NTT influences the telecommunications industry in large part through its three-track open tender bidding process whereby it makes known to suppliers its needs for products of all types. Track I of NTT's open tender bidding process includes non-telecommunications products (office supplies and equipment, R&D equipment, uniforms, etc.); Track II includes telecommunications equipment available on the market without modification; and Track III includes telecommunications equipment to be developed jointly by NTT and its suppliers. For Tracks II and III, notices are published in Kampo (Japan's official gazette), Commerce Business Daily (USDC), and the Official Journal of the European Communities. Figure 2.1 depicts a flowchart of the Track II and III stages of NTT's open-tender process.
Along with defining the application, rough volumes, and price targets for new equipment, NTT issues equipment requirements such as the bit rate (or equivalent, if not digital), type of fiber, optical parameters, physical dimensions, and appearance. Specific engineering design details are not included - selected bidders are free to optimize the design based on technologies they have in-house. These selected manufacturers then develop and deliver prototypes, along with volume-pricing information. Since NTT does not guarantee production quantities, manufacturers often choose to carry out their own market analyses in order to develop realistic pricing forecasts. They compete to achieve the best performance and reliability, which factors, along with pricing, determine the share of the business they finally win. Occasionally, a manufacturer making it through the prototyping stage still loses out and gets no share of NTT's final purchases, but the potential rewards are high: winning bids under the open-tender process guarantees a large market to the winners. Some contract winners are non-Japanese: in 1994, NTT purchased from more than 1,000 non-Japanese companies $1.09 billion worth of telecommunications products, which was 16% of NTT's total purchases of transmission equipment, digital switching systems, optical-fiber cable, internetworking devices, and computers (NTT 1994).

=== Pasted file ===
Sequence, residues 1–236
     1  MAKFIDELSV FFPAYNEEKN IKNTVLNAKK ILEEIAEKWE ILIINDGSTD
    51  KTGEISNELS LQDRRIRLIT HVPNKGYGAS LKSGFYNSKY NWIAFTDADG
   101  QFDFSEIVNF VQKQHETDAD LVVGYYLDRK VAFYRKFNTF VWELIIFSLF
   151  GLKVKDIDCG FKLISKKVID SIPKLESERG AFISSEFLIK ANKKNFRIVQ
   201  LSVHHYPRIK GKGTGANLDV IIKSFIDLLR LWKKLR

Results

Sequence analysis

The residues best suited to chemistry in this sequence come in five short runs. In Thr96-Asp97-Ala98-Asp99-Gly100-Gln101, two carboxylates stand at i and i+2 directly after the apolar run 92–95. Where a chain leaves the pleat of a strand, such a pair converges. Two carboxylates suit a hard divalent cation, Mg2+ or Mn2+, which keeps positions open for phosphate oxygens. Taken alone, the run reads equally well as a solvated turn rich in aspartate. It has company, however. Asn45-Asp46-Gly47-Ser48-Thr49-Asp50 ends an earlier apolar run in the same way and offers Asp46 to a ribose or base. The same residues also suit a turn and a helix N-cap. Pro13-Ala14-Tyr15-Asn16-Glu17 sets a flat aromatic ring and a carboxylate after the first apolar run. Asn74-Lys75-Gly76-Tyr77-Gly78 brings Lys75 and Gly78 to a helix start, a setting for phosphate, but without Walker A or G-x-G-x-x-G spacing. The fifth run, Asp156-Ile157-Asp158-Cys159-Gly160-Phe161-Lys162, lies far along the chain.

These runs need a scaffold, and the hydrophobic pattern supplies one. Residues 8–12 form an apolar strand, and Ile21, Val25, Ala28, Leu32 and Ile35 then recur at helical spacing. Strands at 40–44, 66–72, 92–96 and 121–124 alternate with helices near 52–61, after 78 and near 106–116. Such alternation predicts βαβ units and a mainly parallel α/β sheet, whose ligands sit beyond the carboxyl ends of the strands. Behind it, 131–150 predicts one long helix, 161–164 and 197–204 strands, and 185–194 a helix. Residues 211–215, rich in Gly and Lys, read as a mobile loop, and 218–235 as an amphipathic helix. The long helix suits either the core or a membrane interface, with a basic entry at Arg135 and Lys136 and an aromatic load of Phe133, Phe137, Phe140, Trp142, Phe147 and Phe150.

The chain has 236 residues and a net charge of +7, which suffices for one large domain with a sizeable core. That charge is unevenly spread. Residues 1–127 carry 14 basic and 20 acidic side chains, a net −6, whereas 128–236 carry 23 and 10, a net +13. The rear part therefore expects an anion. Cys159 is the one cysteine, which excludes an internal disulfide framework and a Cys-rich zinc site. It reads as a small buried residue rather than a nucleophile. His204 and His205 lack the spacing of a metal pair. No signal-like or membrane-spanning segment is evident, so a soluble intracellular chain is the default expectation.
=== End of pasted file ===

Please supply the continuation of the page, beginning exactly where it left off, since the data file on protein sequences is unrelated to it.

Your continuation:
Eventually, NTT's specifications are made available to the industry for additional purchases, but the initial participants gain in (a) being able to negotiate the final requirements, (b) being among the first, exclusive suppliers to NTT, and (c) gaining a head start in developing the new product line and scaling-up manufacturing capabilities. NTT must give its permission for a system (or device) developed under the open-tender process to be sold to customers other than NTT.
Two important systems recently developed in this bidding process were SDH 10 Gbit/s trunking systems using optical amplifiers (erbium-doped fiber amplifiers, or EDFAs) for amplification at 1550 nm, and FTTH systems capable of two-way ISDN (integrated services digital network) at 1310 nm, combined with one-way video at 1550 nm. These systems pave the way for interactive broadband services for homes and small businesses, generally accepted as a key requirement for the so-called "Information Age" revolution just now beginning. AT&T was one of the suppliers to NTT of prototype FTTH systems.
Fig. 2.1. Flow chart of NTT's Track II, III, II-A, and III-A procurement procedures (NTT). At manufacturers' R&D labs, the JTEC panel observed numerous activities that supported products for NTT:
NTT's vision for the future national telecommunications network and its resulting requirements disseminated through the open-tender process provide valuable focus for the optoelectronics industry. Through these functions NTT allows researchers and manufacturers to narrow the scope somewhat of certain R&D activities and to avoid pursuing too many alternatives or waiting for the marketplace to demonstrate the need for future telecommunications products.